My Theory on Tauriel, Kili, and Legolas | My Renaissance
This strain ends up finally cracking when Thranduil banishes Tauriel, whom Legolas cares for and has a strong friendship/relationship with. The crux of that uncle-nephew relationship lies within this moment. The young dwarves Arrival of the Eagles (BotFA) BotFA (Battle ends). Also Kili dies (spoiler) at the end of the series, as a result we can safely on the dwarves and maybe help them reconsider their relationship, they may . There is a part in BotFA when Legolas watches Tauriel speaking with.
In these two instances, despite the grand scale of the conflicts, our attention is solely on the duel; but by integrating this set-piece with the rest of the action, creates a sense of cohesion and a balance to the sub-narrative of the battle. Why would Thorin send his nephews to scout the area while he remained behind?
By shifting this scene to the barren slopes of Ravenhill, Jackson may have wanted to experiment with the thriller aspects of the story: Those aware of the book would have realised the decision to send the 2 nephews to scout the area would eventually lead to their deaths. In the book, Thorin is mortally wounded by Bolg.
As a result, Fili and Kili rush to his aid which is ultimately the cause of their deaths. The crux of that uncle-nephew relationship lies within this moment. The young dwarves sacrificing themselves for their father figure. Peter Jackson was certainly on the right track when he established and worked on the relationship between Thorin and Kili — right up to the touching moment between the two before they charge out of the gate of Erebor.
This compels me to ask the next question … Why the lack of substantial violence? I know this was aimed at a PG audience, but intense situations need to be dealt with the right amount of gravitas. Disposing of your characters by failing to do so in a believable manner, takes away all the suspense and emotional connection of that moment.
The Problematic Climax of ‘The Battle of the Five Armies’ | A Tolkienist's Perspective
He simply reacts and jolts. No trace of blood, nothing.
Unfortunately, this makes things superficial. After all, in the book it is the main location from which the orcs muster and begin their march towards Erebor — led by their leader, Bolg. We are also introduced to new creatures in Middle-earth — giant bats more on these below. The threat posed to the Elves, Dwarves and Men by another looming army is a fantastic way in raising the stakes for our characters even higher.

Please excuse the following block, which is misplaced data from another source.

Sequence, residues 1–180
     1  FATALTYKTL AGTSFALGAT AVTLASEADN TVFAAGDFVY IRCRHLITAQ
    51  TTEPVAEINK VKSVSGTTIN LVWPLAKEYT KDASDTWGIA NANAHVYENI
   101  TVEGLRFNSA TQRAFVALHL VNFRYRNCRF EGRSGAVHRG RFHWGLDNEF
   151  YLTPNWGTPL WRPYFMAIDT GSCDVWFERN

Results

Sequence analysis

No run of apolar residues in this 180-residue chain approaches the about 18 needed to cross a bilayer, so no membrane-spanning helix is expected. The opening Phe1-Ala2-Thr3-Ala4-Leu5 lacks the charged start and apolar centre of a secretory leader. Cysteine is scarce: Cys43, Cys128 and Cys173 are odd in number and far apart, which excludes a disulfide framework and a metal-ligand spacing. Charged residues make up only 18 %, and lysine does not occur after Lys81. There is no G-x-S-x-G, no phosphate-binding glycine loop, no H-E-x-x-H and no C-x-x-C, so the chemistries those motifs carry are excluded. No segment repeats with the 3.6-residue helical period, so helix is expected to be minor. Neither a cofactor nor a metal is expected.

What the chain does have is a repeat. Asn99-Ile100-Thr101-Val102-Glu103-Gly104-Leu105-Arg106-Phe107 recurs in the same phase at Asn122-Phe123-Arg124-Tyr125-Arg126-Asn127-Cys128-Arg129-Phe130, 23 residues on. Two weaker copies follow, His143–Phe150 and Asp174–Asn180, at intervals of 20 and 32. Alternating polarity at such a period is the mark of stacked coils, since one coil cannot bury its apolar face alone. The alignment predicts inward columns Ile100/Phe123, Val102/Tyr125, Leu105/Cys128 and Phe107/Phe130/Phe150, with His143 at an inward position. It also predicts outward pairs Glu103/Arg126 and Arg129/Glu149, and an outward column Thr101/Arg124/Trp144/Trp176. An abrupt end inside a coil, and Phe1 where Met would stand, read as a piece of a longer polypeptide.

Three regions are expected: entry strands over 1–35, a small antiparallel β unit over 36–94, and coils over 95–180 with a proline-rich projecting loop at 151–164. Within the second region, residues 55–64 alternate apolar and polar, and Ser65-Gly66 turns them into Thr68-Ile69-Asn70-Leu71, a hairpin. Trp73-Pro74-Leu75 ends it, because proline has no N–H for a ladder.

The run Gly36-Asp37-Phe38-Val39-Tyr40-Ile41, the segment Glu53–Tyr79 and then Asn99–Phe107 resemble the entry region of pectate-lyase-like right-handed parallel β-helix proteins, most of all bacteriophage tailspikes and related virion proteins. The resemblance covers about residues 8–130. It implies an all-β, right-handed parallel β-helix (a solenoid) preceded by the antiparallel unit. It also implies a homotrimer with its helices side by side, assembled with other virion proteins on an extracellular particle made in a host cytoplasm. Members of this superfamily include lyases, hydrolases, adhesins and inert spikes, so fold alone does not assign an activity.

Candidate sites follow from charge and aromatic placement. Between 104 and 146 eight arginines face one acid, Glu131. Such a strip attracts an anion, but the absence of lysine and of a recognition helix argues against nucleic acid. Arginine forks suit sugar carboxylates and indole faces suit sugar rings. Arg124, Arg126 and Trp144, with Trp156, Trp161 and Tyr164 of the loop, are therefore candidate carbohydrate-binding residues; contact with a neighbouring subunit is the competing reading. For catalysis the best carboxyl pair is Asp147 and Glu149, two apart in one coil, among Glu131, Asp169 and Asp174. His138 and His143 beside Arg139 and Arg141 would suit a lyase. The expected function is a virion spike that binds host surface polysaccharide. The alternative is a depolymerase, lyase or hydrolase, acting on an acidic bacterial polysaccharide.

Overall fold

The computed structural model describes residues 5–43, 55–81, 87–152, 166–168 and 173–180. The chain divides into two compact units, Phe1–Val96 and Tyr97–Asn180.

Yet, no sooner has the Gundabad army arrived on the field of battle than it is instantly overcome. What would have been the point of showing us the march of this army, its constant threat, and then take all that away in the blink of an eye? Perhaps Jackson wanted to avoid a second, renewed attack by another army — thereby reducing the length of the battle; but this has resulted in an abrupt and unbalanced conclusion to the conflict.
Bringing the two orc contingents together and attacking at once would have avoided such a jarring narrative resolution. Admittedly, in The Return of the King and two instances in The Hobbit book versionsthe Eagles play an important part.
First, I will start with Tauriel and Kili.
The Problematic Climax of ‘The Battle of the Five Armies’
I do agree with what others are saying about the idea of them as a couple being a bit awkward. She is an immortal elf and he is a dwarf, who would have eventually died anyway if he survived at the end of the third film. If Tauriel visited Kili fairly often, I could see some sort of romance forming between the two in that time period. Also, Tauriel is around years old since it appears that she was taken in by Thranduil as presumably a child when her parents died years prior to the events in The Hobbit.
It may be that she has never experienced romance up until her meeting with Kili, so even though she has had time to acquire a lot of knowledge and skill in healing and fighting, she is still quite new to love.
The fact that romance existed between an elf and a dwarf may also stem from how young they were. He is Aragon, son of Arathorn. You owe him your allegiance. Although in the books, there is already a good explanation for how Legolas previously met Aragon. However, this was dropped or not mentioned during the whole run of the LOTR trilogy. In the books, Gandalf sent Aragon to track down Gollum and hand him over to the elves of Thranduil.
Aragon eventually found him and Mirkwood was given the responsibility to watch over Gollum; however, he escaped and it is for that reason Legolas was sent to Rivendell by Thranduil himself. This could perfectly explain how Aragon could have previously met Legolas, who was probably one of the elves who watched over Gollum.
But this is not mentioned within Fellowship of the Ring, and thus, Jackson had to create a new reason for how Legolas knew of Aragon's identity as the rightful king of Gondor. Lord of the Rings: Fellowship of the Ring by J. Tolkien Pages " All sat silent for a while, until at length, Boromir spoke. Small, but great in mischief.
What became of him? To what doom did you put him? There is no doubt that he was tormented, and the fear of Sauron lies black on his heart.5 Signs to Leave a Relationship
Still, I for one am glad that he is safely kept by the watchful Elves of Mirkwood. His malice is great and gives him strength hardly to be believed in one so lean and withered.
He could work much mischief still, if he were free. And I do not doubt that he was allowed to leave Mordor on some evil errand.
They are not good, but only here have I learned how evil they may seem to this company.